As an honorary member of the Fat Blokes club I was particularly looking forward to Scottee: Fat Blokes at HOME Manchester and giving it the rebellious middle finger to the world for all fat blokes everywhere. However, what I thought would be light hearted was anything but. Indeed this turned into a show that championed those men who are fat, through the personal testimony and killer dance moves of four ordinary blokes who ‘appen to be on the chubby side.
“What are you fucking laughing at!?”
As opening lines go, it’s one that suddenly stops the audience in its track. It’s a showstopper and a moment of genius from Scottee, because any preconceived ideas about what this show could be about are dispensed with in such devastating fury. What preceded the opening salvo was a titillating expectation that two of the cast members would be about to strip off to the strangely eroticised base thumping beats. Scottee plays on the stereotypes and knowing that watching fat men strip in an outlandish fashion would result in an all too familiar reaction.
In one fell swoop, Scottee lays bare the exact kind of emotions that he wants addressing and by the same token sets out his own agenda. You could hear the proverbial pin drop as Scottee bellows his angst about the ritual abuse that fat men and boys have to endure and how this production is wanting to challenge the audience about how they think of fat blokes.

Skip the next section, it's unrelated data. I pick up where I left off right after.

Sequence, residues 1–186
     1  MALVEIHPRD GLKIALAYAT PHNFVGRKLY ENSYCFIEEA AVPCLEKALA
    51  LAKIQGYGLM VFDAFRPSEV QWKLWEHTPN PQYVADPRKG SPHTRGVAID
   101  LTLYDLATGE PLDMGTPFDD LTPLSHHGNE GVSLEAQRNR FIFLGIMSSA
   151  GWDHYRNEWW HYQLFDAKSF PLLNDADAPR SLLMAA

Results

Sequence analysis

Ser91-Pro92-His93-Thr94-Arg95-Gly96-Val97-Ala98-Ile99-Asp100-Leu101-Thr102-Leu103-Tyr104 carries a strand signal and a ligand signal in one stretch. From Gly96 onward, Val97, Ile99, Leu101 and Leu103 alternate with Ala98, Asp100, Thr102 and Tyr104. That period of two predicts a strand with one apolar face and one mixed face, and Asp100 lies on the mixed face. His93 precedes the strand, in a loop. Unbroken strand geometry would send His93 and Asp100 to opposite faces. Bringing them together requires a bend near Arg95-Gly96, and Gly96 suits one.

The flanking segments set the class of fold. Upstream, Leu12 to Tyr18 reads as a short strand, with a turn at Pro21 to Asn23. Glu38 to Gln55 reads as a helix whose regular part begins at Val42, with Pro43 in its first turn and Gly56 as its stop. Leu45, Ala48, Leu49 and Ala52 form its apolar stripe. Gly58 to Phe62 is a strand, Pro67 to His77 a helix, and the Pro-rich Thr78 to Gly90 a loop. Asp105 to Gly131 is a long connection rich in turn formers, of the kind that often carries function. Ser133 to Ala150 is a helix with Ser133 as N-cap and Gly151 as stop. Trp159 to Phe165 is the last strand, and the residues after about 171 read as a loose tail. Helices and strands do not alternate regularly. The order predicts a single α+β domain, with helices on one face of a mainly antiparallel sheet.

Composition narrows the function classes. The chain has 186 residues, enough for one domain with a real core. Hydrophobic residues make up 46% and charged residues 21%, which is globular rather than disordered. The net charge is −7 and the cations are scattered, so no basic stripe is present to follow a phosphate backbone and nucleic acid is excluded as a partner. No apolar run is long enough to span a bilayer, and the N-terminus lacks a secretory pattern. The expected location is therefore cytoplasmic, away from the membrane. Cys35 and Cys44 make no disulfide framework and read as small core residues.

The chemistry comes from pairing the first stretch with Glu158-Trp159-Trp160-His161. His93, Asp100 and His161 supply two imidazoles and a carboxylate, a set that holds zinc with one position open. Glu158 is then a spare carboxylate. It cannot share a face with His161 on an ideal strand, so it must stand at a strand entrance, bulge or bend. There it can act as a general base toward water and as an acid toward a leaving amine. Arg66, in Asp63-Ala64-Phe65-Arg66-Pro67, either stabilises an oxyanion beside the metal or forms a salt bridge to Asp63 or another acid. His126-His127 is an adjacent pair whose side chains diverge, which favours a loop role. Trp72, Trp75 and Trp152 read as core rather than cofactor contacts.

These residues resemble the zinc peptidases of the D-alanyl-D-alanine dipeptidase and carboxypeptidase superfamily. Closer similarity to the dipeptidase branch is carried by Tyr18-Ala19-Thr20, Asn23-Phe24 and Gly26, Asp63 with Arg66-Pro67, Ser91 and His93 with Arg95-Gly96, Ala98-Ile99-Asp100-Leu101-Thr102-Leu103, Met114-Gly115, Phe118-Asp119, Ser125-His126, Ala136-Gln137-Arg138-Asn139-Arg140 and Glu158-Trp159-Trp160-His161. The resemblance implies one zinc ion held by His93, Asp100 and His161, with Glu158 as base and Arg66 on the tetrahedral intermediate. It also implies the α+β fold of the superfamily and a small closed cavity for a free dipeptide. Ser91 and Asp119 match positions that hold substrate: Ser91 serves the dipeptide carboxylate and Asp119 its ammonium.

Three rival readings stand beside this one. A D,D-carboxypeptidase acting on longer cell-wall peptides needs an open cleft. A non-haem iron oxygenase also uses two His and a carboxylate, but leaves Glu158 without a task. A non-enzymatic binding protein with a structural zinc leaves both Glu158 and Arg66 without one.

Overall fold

Scottee takes this further by building this show around the personal experiences of four fat blokes who’ve never done this sort of thing before. They’re’ not really performers and yet here they are baring their souls as well as their clothes to a group of strangers. We meet Asad, Joe, Sam and Gez, all of whom share their stories of being Muslim, gay and fat, tales of chicken dipper dinners, accounts of the violence and the joyousness of not giving a four X.
And then there is the dancing.
Interlaced between the monologue of deeply personal recollections are these wonderfully mesmerising interludes of Scottee and his crew showing off their dance skills. Helped in no small part by choreographer Lea Anderson, the dance sections are another unexpected highlight to this fascinating production. The quintet are wonderfully in unison at times like a overweight synchronised set of swimmers who do their routines not under water but on a red dance floor.
The music plays a huge important part in meshing all of this together. It gives the show its heart and soul. The music is what you’d expect it to be, with tracks from Gossip and The Donnas. All uptempo with a kick ass beat, as if the rebellion to being fat shamed needed a angst ridden anthem (which could be neatly summerd up by Coathangers Shut the Fuck Up). Yet, it is not all raising a fist to the world, there is a subtlety in Scottee’s delivery.
Fat Blokes is not a show about fat blokes. Not really. It’s about people of all shapes and sizes treating other people with respect. For that we should be singing it’s praises far and wide.
Verdict: A no holds barred, ballsy, in your face production about blokes being fat, made by a fat bloke and featuring fat blokes. This is a thought provoking, raw, personal show about the stigma that men face being overweight.